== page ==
Question #7fb69

1 Answer
Oct 10, 2015

Answer:

#"5.42 g"#

Explanation:

The idea here is that you need to use the pecent composition of copper in copper(I) oxide, #"Cu"_2"O"#, and copper(II) oxide, #"CuO"#, to write a relationship between the mass of the mixture and the total mass of the copper in this mixture.

So, use the molar mass of copper and those of copper(I) oxide and copper(II) oxide, respectively, to find the percent compositions of copper in the two oxides

#"For Cu"_2"O: " ( 2 xx 63.55color(red)(cancel(color(black)("g/mol"))))/(143.1color(red)(cancel(color(black)("g/mol")))) xx 100 = "88.8% Cu"#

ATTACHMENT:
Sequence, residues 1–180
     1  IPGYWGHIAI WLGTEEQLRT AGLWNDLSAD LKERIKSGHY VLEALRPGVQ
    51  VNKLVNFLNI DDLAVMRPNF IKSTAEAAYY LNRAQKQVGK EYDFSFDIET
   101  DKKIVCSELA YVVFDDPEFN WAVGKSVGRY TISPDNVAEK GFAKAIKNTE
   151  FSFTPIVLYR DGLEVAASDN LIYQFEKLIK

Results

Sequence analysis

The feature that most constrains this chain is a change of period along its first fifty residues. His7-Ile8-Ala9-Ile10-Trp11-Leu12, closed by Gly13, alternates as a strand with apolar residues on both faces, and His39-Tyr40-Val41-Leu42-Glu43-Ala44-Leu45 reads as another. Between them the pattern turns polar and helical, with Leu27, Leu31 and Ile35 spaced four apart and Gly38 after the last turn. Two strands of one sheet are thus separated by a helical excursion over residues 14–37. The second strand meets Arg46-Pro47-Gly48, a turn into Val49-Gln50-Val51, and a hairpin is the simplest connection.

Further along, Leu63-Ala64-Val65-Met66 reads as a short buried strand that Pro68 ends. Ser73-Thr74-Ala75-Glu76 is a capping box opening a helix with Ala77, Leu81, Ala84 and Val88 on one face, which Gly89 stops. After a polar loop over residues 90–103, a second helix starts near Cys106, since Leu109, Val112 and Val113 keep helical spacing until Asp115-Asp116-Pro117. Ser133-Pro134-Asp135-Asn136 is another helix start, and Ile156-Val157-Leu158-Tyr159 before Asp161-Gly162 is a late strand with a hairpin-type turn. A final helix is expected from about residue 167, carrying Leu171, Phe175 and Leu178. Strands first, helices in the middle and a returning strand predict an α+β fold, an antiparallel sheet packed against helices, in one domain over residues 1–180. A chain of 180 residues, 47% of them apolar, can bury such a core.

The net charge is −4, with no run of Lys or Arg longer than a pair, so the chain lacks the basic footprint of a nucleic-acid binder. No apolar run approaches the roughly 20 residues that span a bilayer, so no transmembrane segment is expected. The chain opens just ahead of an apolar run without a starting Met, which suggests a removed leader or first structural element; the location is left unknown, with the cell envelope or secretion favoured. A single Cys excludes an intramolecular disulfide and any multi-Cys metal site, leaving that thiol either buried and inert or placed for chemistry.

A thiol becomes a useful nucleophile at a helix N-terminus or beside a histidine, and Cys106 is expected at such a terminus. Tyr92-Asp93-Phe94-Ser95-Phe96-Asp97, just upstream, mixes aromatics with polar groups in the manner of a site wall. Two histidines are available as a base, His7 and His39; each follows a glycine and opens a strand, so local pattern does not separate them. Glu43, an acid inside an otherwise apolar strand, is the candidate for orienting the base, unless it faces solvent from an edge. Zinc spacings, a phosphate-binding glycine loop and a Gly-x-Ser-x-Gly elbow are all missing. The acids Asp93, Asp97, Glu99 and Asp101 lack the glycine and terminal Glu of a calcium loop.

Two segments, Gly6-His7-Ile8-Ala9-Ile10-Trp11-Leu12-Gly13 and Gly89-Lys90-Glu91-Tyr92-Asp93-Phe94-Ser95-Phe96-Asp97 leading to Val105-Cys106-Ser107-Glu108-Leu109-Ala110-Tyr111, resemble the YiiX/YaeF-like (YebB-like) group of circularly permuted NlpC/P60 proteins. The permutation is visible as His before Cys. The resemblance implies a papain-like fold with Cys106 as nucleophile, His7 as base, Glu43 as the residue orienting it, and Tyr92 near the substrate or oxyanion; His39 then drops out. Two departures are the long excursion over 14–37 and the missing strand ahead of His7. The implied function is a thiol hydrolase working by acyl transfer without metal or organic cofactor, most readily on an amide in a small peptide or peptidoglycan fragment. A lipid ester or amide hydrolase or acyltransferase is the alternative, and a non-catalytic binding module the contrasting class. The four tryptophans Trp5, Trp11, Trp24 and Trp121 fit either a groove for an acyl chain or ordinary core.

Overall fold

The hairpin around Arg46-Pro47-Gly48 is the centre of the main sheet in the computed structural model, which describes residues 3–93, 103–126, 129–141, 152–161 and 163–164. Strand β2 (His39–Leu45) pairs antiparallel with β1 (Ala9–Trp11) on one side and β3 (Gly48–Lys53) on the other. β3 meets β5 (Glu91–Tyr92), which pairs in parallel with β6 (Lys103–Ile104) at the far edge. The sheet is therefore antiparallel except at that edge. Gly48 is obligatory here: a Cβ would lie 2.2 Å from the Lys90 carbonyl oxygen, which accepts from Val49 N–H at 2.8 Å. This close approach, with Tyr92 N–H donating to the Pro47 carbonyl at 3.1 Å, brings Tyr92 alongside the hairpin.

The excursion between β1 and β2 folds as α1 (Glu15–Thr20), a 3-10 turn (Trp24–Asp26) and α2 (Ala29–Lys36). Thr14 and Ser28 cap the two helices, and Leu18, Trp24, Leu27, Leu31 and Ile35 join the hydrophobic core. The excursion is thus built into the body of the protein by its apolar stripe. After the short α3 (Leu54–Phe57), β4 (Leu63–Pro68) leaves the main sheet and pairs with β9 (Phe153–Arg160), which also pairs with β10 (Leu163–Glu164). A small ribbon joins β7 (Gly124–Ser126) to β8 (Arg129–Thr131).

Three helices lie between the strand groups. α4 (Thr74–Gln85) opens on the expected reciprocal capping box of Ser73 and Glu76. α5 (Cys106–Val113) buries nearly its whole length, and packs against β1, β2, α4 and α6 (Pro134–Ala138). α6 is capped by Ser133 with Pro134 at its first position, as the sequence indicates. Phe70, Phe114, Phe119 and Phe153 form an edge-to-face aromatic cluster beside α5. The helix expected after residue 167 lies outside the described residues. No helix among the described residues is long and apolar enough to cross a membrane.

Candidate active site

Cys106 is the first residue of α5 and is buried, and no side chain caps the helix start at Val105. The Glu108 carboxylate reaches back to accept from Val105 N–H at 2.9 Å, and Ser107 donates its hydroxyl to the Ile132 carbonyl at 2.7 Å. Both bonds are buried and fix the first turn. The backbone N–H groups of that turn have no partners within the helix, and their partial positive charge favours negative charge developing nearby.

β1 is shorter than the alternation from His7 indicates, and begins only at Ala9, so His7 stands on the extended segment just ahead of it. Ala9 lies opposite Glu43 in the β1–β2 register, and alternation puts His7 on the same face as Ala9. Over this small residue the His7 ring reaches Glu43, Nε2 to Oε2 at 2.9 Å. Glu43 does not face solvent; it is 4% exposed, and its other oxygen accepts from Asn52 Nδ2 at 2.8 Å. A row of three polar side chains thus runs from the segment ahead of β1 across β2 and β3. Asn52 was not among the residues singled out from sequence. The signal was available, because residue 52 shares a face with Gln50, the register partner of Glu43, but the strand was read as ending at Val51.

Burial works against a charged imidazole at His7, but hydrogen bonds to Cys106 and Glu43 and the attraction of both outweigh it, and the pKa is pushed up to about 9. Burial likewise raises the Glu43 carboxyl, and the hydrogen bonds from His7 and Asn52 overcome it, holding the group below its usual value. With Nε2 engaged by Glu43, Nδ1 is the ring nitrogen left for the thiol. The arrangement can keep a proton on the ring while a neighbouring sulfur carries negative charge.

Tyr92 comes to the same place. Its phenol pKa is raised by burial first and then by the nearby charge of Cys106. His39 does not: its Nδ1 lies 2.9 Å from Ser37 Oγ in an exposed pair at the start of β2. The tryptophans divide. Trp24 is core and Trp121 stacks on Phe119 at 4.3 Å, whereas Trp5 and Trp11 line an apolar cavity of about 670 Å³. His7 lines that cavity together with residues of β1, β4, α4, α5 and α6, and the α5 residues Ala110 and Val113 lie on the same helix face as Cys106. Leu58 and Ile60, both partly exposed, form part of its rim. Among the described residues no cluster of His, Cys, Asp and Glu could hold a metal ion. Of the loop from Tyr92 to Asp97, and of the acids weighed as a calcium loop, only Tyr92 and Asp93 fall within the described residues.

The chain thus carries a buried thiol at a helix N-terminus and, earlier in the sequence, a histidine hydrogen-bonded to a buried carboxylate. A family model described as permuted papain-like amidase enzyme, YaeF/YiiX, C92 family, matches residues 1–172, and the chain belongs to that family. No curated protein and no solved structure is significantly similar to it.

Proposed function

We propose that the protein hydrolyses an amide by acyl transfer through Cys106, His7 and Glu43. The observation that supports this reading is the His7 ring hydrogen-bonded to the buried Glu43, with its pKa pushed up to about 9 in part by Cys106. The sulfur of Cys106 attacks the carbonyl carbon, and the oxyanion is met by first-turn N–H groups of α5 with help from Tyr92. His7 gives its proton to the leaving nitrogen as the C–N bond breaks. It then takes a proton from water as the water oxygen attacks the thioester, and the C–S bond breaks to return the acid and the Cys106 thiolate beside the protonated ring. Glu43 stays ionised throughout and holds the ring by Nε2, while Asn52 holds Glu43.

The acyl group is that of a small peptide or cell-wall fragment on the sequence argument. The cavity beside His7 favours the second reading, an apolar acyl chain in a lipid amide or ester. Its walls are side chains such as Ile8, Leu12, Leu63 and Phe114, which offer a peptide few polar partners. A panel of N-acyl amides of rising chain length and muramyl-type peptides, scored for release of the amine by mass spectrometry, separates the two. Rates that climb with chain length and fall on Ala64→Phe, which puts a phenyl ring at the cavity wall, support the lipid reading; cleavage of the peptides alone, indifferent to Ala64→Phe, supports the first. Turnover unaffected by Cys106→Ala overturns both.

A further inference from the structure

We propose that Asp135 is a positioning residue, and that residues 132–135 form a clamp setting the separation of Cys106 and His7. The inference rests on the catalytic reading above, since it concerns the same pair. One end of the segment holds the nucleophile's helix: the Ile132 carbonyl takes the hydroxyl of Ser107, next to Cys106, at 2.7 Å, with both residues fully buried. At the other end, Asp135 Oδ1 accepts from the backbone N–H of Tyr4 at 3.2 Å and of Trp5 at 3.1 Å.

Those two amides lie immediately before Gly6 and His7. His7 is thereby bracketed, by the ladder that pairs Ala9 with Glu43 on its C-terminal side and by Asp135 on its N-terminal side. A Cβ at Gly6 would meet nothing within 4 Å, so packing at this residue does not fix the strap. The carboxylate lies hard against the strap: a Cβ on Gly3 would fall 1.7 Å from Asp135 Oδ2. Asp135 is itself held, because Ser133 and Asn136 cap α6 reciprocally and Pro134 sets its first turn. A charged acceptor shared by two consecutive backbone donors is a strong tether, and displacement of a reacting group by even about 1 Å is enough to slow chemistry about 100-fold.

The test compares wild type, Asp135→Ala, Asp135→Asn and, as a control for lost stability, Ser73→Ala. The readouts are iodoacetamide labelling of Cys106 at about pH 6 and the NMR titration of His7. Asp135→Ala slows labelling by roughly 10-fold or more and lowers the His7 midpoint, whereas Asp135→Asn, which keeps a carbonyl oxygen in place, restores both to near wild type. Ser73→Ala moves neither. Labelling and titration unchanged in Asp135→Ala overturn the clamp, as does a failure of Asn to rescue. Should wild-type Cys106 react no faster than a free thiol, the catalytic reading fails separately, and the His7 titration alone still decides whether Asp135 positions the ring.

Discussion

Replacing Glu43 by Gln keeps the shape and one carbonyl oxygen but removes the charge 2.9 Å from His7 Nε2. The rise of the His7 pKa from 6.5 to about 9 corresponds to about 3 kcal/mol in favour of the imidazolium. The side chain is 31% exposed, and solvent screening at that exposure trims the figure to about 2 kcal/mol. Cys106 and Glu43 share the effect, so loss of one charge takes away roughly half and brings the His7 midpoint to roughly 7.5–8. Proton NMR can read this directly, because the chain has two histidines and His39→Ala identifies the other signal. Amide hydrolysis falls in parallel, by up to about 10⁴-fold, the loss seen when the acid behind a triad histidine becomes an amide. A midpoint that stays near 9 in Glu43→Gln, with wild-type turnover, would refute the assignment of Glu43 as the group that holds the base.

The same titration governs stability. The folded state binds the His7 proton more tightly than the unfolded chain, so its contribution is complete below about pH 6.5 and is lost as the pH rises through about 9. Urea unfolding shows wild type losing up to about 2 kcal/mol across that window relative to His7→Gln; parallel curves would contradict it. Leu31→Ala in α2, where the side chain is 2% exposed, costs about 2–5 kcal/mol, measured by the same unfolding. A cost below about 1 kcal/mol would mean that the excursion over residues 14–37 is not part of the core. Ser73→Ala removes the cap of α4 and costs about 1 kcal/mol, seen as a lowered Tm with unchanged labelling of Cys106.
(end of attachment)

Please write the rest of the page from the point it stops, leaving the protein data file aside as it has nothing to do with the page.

#"For CuO: " (63.55color(red)(cancel(color(black)("g/mol"))))/(79.55color(red)(cancel(color(black)("g/mol")))) xx 100 = "79.9% Cu"#

So, let's say that #x# is the mass of #"Cu"_2"O"# and #y# is the mass of #"CuO"# in the mixture. You know that

#x + y = "9.80 g"#

Now, use the percent compositions of copper to write a second equation using the mass of copper you know the mixture contains

#0.888 * x + 0.799 * y = "8.22 g"#

This system of equations can be solved by substitution

#x = 9.80 - y#

#0.888 * (9.80 - y) + 0.799 * y = 8.22#

#8.702 - 0.888 * y + 0.799 * y = 8.22#

#0.089 * y = 0.482 implies y = "5.4157 g"#

The mass of copper(II) oxide in the mixture is thus equal to - rounded to three sig figs

#m_"CuO" = color(green)("5.42 g")#